Two studies conducted by members of the Sport Inclusion Project research group found significant differences in homophobic and sexist language use at amateur sport clubs that hold Pride Games.
Rainbow-themed pride games (also called Rainbow Laces Rounds) have been widely adopted by professional sports teams around the world. For example, every National Hockey League team now holds these events annually, as well as many Major League Baseball teams.
In more recent years, amateur and elite sport clubs (e.g. representative of a University or semi-professional) throughout Australia have also begun holding these LGBTQ-themed events, but the benefits were unknown.
Sport Inclusion Project's Erik Denison led a study that compared homophobic language use by Australian Ice Hockey League (AIHL) players. The study found teams that held these events self-reported using 40% less homophobic language than teams which had not held a Pride Game.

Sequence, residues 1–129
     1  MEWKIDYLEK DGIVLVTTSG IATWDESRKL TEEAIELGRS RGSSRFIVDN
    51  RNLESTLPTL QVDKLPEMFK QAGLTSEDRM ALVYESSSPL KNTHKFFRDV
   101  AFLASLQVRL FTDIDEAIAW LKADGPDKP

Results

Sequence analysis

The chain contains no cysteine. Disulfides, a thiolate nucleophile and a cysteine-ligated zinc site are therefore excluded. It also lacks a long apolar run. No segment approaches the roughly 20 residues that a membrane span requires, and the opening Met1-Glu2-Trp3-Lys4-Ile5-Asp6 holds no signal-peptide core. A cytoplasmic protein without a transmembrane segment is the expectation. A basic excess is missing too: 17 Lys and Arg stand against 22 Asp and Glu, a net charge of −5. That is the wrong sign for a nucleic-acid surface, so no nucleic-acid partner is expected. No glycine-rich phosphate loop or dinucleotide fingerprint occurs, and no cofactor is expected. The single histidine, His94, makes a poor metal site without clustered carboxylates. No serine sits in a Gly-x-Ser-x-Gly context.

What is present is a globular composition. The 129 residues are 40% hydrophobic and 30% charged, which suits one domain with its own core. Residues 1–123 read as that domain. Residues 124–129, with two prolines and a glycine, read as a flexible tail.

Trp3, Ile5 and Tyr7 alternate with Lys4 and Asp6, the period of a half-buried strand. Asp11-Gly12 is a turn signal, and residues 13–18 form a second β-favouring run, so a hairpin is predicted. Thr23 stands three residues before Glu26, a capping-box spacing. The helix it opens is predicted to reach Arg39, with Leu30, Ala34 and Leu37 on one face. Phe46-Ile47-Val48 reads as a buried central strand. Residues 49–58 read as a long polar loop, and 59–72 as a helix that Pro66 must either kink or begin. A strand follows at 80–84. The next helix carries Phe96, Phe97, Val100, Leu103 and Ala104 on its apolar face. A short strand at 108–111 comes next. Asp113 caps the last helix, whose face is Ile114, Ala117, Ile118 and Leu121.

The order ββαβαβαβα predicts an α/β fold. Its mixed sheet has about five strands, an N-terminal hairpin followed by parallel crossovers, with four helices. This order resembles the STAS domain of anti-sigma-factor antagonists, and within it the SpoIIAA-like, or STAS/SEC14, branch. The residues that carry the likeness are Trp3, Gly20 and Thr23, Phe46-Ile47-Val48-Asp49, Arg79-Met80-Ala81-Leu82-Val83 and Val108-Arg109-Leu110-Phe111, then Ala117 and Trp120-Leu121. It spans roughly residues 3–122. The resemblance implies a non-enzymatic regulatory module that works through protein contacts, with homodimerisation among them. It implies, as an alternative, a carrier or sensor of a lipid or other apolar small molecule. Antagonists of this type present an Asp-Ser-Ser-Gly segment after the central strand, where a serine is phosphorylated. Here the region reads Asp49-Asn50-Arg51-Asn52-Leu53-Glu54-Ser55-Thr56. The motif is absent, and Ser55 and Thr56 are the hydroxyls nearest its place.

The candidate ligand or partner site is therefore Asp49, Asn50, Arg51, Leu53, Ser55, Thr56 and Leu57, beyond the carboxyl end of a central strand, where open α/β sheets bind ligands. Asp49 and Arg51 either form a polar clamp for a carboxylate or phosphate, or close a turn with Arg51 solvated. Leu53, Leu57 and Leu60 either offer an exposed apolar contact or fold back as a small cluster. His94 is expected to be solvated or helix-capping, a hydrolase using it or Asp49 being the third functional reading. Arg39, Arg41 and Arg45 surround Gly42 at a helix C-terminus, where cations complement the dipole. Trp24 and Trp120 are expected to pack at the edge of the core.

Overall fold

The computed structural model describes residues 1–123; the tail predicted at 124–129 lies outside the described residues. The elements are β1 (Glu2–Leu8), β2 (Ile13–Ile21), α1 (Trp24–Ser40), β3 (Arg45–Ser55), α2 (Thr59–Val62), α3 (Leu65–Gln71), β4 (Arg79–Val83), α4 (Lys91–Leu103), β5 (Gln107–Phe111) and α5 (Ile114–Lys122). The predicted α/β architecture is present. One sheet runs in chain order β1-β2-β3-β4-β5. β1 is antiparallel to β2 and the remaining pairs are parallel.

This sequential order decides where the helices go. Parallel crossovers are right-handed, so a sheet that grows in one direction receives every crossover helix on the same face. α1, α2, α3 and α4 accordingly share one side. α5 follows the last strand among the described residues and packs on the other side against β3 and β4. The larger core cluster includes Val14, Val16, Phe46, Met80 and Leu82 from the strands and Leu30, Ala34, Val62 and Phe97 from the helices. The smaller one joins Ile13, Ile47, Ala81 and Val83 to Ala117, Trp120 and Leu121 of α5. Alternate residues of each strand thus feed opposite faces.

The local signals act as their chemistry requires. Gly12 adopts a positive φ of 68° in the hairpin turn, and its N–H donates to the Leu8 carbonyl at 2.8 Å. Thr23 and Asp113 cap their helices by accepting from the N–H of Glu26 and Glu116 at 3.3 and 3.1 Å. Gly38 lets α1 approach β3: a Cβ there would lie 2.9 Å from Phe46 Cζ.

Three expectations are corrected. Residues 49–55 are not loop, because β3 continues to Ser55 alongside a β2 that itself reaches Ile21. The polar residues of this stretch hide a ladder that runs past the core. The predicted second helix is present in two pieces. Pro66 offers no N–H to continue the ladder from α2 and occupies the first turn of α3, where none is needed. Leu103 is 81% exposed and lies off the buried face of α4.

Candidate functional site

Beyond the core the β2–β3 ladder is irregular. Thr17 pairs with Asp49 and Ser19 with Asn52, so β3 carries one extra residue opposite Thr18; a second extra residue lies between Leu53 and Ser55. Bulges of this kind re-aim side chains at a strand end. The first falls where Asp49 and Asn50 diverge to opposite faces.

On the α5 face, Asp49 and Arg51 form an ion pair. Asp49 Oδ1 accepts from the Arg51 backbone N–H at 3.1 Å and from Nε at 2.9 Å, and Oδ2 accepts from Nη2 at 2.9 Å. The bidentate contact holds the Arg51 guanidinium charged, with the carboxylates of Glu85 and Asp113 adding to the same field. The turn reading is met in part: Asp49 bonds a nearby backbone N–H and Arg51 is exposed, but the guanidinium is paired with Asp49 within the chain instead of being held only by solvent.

The promising results inspired a public health agency to fund a larger study across six other sports, which reported similar results for homophobic language and also found players on teams that held the events used less sexist language.
Neither study collected baseline data, which makes it unclear if the differences were pre-existing or perhaps due to some other factors. Both studies measured potential factors which could explain the differences, such as homophobic attitudes and religiosity. No significant differences were found between the treatment and control groups.
The two studies provide new evidence that supports further investment in research to investigate this promising and relatively simple intervention using randomised and controlled trial designs.
You can read a more detailed discussion on these findings here.